April 23rd, 2015
Minutes of this month’s meeting of the Monetary Policy Committee at the Bank of England have shown a change in attitude of committee members towards a rate increase.
All nine members voted to keep Base Rate at 0.5%, with all agreeing that it is ‘more likely than not’ that the Base Rate would increase over the next three years. Two members of the MPC said that their vote was ‘finely balanced’.
It is a distinct change from the same discussions over the past twelve months, where traditionally two of nine committee members have been in favour of a small increase.
Samuel Tombs, Capital Economics senior UK economist says: “With CPI inflation unlikely to approach the 2 per cent target until well into 2016 and productivity primed for a recovery, we think there will be little pressure on the MPC to raise rates this year.”
This all adds up to a volatile time for mortgage borrowers. Whilst this week has seen the introduction of the lowest 5yr fixed rate ever, with HSBC’s 1.99% product, and with many brokers predicting other lenders will soon follow suit; with the next General Election, and a possibly change of Government, looming large, it is a risk to play the waiting game.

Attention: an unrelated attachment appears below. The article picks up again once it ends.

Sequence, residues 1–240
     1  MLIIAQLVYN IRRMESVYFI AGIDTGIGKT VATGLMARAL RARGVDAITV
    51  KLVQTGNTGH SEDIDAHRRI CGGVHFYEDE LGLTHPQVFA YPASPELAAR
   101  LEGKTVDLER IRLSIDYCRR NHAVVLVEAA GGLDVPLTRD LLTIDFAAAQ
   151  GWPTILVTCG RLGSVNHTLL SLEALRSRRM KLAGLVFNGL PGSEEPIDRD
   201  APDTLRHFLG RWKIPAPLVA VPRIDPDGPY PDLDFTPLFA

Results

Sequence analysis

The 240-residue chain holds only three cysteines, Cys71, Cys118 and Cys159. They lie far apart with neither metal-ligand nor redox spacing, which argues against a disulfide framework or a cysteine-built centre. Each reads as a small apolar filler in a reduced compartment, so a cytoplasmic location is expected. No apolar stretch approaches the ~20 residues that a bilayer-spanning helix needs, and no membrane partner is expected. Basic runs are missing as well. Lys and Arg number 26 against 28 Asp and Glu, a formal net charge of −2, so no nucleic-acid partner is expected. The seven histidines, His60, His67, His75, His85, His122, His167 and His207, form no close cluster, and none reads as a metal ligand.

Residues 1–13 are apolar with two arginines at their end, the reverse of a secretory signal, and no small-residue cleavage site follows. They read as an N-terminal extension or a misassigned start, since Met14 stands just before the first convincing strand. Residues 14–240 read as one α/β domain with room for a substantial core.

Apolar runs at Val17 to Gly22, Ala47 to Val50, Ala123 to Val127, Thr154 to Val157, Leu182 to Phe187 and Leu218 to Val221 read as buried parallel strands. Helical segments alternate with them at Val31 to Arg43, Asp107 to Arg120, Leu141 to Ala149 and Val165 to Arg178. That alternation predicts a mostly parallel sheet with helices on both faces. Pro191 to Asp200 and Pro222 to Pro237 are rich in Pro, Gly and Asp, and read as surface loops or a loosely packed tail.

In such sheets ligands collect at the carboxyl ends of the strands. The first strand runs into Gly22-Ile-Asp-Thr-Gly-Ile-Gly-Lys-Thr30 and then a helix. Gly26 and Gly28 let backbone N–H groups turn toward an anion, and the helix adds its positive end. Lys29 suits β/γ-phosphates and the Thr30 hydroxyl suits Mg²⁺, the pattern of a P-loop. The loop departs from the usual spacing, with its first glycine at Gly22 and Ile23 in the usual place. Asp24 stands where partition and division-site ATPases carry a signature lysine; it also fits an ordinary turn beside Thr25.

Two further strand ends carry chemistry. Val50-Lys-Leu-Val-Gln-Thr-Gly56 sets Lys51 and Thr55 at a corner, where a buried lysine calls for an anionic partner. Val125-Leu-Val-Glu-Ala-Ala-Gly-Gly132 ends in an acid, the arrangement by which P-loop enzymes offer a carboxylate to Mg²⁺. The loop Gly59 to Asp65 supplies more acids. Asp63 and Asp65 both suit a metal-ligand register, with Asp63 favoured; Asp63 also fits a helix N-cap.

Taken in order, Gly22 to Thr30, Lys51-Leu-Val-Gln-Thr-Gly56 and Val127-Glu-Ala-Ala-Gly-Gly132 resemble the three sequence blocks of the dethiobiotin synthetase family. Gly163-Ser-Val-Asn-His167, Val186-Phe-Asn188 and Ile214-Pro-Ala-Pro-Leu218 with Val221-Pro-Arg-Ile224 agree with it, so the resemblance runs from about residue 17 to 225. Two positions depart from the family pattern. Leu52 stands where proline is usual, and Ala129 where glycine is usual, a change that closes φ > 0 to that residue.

“At present rates are amongst the lowest around which is clearly fantastic news for mortgage borrowers” said Taj Kang, Business Development Director of Contractor Mortgages Made Easy. “Sainsbury’s Bank has also brought in consultants to assess the mortgage market ahead of a predicted entry, so it would seem at least that rates will continue to be competitive for a time yet.”
“There is, however, also a risk given that the financial outlook for Britain could change in the coming weeks, that lenders are trying to curry favour and win business now, so that they can adjust to any change in government by trimming back their mortgage lending next month. This is a distinct possibility.”
With lenders constantly reassessing mortgage products, brokers are seldom given more than a few hours’ notice of any impending rate increases or withdrawals. That, according to Taj, means that there is a need to be prepared.
“We’ve seen a continued slowing of lender processing timescales since this time last year and the Mortgage Market Review, with some lenders now refusing to book mortgage valuations until underwriting is complete. With that in mind, it would pay to be ahead of the game and have a broker working for you who can ensure that you get the best product available, and that you don’t miss the boat, as a new ticket could prove costly.”
Article By: Mark McBurney, Senior Mortgage Consultant at Contractor Mortgages Made Easy
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